Sweet Juice and Other Poems

Sweet Juice

They have cut all the juniper branches
for Nidáá’ tonight, have fanned them
on the ground, built a brief house
for the ceremony—a ponderosa sliced into slats,
blue tarp for the door. But this morning it’s empty,
everything eerie until Grandmother drives up
in her pickup. Having a good run?
She swings her arms like a runner.
Stay, she says, for the singing.

But I don’t. We keep things after they’re spent:
packaging for a drill whose functions we already know,
the cardboard box that earrings came in.
After you hit your head you seemed fine,
remembered where you were, your name
and mother, your job on Monday. But then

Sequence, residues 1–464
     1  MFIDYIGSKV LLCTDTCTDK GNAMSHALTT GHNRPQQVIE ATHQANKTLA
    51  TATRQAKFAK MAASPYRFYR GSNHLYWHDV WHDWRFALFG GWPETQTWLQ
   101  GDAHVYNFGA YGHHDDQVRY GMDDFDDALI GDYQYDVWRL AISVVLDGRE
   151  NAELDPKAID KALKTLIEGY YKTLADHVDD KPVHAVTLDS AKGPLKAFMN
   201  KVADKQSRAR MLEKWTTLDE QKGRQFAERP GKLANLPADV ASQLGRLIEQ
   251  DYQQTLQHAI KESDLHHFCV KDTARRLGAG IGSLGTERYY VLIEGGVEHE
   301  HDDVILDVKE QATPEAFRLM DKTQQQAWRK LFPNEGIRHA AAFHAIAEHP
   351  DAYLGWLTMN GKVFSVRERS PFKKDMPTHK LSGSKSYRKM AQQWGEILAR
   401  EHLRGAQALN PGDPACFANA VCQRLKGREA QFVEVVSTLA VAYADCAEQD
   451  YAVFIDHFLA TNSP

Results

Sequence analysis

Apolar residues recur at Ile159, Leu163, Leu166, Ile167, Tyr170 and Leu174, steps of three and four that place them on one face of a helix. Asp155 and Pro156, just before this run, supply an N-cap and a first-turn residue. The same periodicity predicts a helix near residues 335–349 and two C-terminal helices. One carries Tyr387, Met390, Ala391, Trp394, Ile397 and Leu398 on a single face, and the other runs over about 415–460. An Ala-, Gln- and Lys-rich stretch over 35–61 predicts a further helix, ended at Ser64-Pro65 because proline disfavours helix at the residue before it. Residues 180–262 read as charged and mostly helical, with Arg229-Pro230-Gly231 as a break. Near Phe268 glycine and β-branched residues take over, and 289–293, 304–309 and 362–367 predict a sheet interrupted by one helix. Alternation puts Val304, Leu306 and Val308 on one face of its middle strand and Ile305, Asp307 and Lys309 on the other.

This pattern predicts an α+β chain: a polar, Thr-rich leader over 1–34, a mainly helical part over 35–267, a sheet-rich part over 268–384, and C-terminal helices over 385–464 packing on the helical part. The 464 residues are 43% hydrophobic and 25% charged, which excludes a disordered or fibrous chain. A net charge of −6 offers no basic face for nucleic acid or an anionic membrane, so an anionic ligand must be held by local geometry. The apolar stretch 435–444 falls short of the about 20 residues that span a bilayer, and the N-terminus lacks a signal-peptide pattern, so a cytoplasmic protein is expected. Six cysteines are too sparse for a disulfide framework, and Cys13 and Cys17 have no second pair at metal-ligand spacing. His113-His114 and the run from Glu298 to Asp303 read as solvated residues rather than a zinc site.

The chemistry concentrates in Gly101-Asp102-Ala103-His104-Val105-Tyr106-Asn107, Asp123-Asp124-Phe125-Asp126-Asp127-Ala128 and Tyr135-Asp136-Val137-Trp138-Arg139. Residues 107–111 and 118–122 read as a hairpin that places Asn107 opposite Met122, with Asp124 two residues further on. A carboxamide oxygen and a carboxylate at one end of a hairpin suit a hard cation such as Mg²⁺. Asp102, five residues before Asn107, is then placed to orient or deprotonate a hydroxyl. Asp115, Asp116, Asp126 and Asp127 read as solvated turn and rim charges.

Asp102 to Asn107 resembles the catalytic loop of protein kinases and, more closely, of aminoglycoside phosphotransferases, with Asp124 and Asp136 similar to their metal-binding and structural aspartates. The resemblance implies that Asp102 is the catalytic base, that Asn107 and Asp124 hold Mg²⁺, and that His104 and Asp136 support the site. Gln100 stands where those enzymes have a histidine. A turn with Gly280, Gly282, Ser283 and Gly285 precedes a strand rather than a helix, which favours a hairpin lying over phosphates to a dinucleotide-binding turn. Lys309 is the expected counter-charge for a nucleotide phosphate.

you forgot to turn on car lights,
jumped violently when someone knocked,
snapped when your niece
spilled Coke on your couch.

Though you have filled a feeder with sweet juice,
there are no hummingbirds.
Though it’s October—year’s backbone
there is no cold, and leaves cling resolutely
to branches. In Dinétah she made it rain,
standing on a bridge, praying over Navajo Dam.
The sky turned gray, clouds thundered over
and dropped male rain.
See, she said, they hear us.

The Bow Is Rainbow

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